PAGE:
I am someone who has always stammered. Stammering is a neurological condition that you are born with, and I always say to people, ‘forget everything you think you know about it’, because there are so many myths.
Now my stammer isn’t very noticeable but it wasn’t always like that. Looking back, I think that my stammer encouraged me to do well at school and university, essentially to prove people wrong about my abilities. However, I remember being terrified of reading aloud and avoided public speaking as I had learned to feel ashamed about moments of disfluency. My fear made my speech worse. Nerves don’t cause stammering but they can make it worse.
As I became more experienced in my subject (I am an economist), I began to lecture. I found myself comfortable as an ‘explainer’, as I could focus on what to say, rather than how I said something. Being the conduit of information put me in the spotlight in a very passive way. But as I became more senior, I had to emcee events, and had to actively think about how to engage the audience.
I’d tried various ways to ‘desensitise’ myself: books and online courses. I’d heard about Toastmasters but only joined in 2017. I remember that first walk to the club – my heart was in my mouth. Luckily, I bumped into someone else – and that person would continue to be a friend. Indeed, my 7 years of Toastmasters has been a journey of meeting amazing, inspiring people.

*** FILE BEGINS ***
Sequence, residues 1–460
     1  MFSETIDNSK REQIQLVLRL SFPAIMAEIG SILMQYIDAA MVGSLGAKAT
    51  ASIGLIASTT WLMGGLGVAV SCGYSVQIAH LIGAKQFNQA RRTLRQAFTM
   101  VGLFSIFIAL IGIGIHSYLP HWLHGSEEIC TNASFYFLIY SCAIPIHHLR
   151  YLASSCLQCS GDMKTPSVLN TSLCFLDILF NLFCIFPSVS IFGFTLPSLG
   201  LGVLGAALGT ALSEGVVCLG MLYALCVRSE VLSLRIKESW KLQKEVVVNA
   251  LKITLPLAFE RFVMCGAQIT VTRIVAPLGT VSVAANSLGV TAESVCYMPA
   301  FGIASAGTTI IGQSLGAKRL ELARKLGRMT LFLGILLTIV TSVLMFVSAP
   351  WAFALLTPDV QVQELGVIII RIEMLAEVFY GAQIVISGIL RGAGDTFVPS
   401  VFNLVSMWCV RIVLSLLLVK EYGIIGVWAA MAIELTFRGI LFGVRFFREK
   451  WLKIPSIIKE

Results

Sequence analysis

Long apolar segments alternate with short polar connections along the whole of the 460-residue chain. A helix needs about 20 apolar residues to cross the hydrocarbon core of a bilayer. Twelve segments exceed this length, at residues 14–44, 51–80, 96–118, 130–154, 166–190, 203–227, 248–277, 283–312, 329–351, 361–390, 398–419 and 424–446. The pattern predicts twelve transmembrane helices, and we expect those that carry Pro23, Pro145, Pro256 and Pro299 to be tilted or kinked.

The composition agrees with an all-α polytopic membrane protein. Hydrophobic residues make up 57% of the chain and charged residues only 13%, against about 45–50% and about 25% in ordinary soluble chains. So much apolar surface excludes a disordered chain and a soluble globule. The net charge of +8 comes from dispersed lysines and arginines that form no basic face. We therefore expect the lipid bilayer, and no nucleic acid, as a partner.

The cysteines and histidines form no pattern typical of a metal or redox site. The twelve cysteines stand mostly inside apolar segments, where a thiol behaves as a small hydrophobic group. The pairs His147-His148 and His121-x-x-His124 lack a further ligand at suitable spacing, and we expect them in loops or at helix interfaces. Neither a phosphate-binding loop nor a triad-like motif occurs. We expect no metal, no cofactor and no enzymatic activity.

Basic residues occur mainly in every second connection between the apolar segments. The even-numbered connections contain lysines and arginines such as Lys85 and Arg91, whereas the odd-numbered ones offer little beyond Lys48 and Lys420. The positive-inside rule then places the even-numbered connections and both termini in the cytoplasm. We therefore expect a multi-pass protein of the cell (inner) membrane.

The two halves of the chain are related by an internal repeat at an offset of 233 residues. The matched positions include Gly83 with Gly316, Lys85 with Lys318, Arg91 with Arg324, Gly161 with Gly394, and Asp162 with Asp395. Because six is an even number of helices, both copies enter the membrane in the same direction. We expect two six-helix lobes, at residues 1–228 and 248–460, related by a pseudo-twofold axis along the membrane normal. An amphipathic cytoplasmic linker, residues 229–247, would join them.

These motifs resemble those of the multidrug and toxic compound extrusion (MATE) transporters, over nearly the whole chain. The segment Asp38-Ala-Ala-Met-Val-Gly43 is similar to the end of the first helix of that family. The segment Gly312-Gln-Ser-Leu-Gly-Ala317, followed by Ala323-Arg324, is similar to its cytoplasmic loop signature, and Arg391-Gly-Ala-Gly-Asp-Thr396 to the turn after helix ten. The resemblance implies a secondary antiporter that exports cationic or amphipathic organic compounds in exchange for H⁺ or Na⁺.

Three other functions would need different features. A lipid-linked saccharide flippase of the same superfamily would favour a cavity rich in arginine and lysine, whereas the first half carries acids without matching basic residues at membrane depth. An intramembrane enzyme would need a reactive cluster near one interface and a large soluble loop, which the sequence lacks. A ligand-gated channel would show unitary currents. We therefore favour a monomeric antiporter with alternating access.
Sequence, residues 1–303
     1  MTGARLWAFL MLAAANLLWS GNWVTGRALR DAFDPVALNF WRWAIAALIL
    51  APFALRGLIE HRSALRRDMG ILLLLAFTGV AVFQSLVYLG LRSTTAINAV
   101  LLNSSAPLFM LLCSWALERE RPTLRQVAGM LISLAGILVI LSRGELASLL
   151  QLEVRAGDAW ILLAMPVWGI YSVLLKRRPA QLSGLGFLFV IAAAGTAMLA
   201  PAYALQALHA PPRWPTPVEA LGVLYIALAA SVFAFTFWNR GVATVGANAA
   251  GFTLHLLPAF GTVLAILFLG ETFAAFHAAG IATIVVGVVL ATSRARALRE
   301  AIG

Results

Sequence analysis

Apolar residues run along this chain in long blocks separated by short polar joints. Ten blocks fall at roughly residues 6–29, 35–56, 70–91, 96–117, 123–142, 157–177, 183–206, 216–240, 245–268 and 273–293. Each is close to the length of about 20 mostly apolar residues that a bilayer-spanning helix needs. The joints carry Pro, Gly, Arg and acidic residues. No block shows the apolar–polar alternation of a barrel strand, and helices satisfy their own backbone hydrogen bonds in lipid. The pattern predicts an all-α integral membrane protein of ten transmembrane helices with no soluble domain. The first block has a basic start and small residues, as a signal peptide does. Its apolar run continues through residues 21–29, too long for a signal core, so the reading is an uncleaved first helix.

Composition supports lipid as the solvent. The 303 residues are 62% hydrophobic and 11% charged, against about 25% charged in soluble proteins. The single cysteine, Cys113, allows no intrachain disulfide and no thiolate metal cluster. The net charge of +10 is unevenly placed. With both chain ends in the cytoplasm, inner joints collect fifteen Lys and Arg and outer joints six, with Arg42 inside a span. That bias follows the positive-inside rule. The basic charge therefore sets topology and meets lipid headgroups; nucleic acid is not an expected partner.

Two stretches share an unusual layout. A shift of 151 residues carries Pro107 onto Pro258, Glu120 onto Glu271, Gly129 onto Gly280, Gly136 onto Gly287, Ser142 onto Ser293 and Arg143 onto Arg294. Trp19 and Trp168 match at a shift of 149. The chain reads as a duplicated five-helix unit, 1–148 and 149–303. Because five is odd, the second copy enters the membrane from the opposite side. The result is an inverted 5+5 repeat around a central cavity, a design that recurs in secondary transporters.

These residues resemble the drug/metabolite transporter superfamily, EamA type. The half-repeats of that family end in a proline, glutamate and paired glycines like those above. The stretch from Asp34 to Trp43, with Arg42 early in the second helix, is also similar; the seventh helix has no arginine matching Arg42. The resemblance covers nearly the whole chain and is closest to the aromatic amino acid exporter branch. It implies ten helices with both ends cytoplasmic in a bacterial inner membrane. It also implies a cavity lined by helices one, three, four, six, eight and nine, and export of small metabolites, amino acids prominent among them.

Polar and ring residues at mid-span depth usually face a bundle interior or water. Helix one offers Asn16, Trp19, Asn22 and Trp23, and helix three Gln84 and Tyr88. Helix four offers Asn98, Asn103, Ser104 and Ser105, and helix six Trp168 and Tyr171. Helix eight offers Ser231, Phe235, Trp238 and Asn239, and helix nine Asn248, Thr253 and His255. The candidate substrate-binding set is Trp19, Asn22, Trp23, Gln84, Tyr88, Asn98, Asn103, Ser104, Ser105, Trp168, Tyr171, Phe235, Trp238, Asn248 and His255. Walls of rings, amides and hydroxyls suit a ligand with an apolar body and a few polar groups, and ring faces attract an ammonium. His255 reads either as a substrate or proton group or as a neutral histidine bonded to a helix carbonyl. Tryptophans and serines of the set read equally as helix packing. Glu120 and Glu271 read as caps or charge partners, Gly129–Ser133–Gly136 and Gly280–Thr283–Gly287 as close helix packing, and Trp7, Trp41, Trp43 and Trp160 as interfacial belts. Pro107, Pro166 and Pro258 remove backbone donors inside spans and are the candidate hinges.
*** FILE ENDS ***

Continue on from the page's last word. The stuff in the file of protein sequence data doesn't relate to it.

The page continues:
My initial goal had been ‘to dislike public speaking less’. And of course, somehow the unthinkable happened: I began to really enjoy public speaking. Toastmasters gave me the space to practice skills that were nothing to do with fluency as such. So I learnt about speech writing, vocal variety, use of body language etc. I got to district final in both the international speech and evaluation competitions. I became a DTM.
More than that I learnt that stammering wouldn’t make me a bad speaker – I can still be eloquent, authentic and connect to the audience. Toastmasters was so transformational that I wanted to share it. I sponsored Speechcraft and specifically called for those with speech conditions to come forward.
Over the past decade, in my spare time, I had working on supporting people who stammer in universities through guides, talks and videos. I began to support STAMMA (the British Stammering Association) who provide amazing services.
Nothing, however, had prepared me for the shock of being awarded an MBE in the 2024 New Years Honours List. Toastmasters has been so important to my journey – its helped give me the personal confidence to engage effectively. And its been one of the ways that I’ve tried to support other people who stammer.
Thank you Toastmasters – and thank to you to all the amazing Toasties out there running Speechcraft and taking up club officer roles. You are empowering others through every meeting.
Prof Deborah Johnston (PFHEA) (MBE)
Deputy Vice-Chancellor (Academic Framework)
London South Bank University